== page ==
POWDERED EGGS by Charles Simmons

POWDERED EGGS

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KIRKUS REVIEW

?are a tasteless mess whether they come on a plate or, as in this case, are served up between boards. The author calls it an epistolary novel, but we call it a ?gatiric stereotype. It's a series of letters from one recent graduate to another who never answers. The constant correspondent is not fazed but continues to write into the void of himself, his family and his job. As himself, he is a newborn not over twenty one -- without an adult ethic or direction. After the death of his father, he is that strange creature -- the legally adult half-orphan and a little put out that his mother walks out to make her own life. His job is with an imaginative encyclopedia (all articles not stolen are invented) which allows him a swing it instant culture and American salesmanship and does get him into the steamy bed of a promiscuous prospect. Led around by his gonads, his contempt for all things theological is monumental -- priests are fags, nuns are very odd indeed -- and, if there were any chance for reader identification or sympathy it might have shock value even if it didn't have humor or point. It boils down to a fast typewriter in the lands of an author who writes only energetically in territory that belongs to the ?inger Man.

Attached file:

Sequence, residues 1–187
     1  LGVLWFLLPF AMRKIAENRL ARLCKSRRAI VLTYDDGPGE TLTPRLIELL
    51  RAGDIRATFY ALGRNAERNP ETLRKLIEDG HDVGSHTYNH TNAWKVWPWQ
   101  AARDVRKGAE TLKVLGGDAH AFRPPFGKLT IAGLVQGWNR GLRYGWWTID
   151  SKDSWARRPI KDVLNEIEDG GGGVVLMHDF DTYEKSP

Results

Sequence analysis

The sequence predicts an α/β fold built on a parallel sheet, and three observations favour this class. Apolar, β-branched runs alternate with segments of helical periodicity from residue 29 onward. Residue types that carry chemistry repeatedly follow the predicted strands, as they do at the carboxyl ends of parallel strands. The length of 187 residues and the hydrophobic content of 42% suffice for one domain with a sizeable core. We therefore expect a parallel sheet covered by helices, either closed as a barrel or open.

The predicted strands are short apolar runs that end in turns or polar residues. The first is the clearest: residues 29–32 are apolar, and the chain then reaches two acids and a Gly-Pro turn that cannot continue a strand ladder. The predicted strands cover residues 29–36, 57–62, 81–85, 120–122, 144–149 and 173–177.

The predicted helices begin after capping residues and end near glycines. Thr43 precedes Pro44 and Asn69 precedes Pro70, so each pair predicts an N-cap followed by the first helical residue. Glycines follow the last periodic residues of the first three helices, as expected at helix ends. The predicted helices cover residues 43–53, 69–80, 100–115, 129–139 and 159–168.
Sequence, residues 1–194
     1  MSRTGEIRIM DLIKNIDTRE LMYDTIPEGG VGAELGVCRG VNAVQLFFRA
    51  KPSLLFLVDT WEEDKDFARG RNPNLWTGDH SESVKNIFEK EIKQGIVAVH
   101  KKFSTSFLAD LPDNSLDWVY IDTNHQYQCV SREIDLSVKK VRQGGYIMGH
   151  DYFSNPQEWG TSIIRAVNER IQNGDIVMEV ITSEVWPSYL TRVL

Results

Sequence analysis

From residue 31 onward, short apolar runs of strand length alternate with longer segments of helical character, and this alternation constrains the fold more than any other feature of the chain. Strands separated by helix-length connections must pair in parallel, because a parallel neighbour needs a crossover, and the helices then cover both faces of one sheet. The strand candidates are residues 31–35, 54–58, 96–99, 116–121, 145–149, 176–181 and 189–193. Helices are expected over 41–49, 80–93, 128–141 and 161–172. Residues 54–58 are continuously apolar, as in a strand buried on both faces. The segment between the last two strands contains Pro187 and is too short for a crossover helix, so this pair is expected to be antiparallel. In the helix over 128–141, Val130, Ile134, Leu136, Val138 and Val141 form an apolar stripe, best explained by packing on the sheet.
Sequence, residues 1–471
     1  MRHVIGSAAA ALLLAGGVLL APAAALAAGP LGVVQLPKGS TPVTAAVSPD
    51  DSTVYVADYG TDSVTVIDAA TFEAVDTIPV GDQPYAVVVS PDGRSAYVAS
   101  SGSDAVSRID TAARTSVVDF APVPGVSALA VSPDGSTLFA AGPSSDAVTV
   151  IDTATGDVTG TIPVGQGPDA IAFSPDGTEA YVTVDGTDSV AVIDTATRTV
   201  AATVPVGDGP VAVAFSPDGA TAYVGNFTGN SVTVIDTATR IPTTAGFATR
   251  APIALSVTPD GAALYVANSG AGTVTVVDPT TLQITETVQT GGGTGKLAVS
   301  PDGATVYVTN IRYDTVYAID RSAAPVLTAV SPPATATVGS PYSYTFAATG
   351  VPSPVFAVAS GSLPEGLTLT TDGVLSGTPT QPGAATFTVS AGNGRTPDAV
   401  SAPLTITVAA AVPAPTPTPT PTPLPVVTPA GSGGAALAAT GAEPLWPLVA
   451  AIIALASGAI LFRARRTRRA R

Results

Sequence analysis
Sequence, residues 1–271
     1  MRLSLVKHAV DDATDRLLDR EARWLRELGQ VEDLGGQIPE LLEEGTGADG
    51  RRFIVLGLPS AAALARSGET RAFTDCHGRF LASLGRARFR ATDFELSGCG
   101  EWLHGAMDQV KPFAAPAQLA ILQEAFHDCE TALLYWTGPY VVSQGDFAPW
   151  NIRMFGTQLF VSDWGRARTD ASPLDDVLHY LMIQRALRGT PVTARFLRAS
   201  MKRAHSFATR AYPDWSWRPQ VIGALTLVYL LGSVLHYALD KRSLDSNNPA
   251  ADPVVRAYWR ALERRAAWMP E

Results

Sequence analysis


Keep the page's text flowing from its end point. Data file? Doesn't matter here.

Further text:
Publisher: Dutton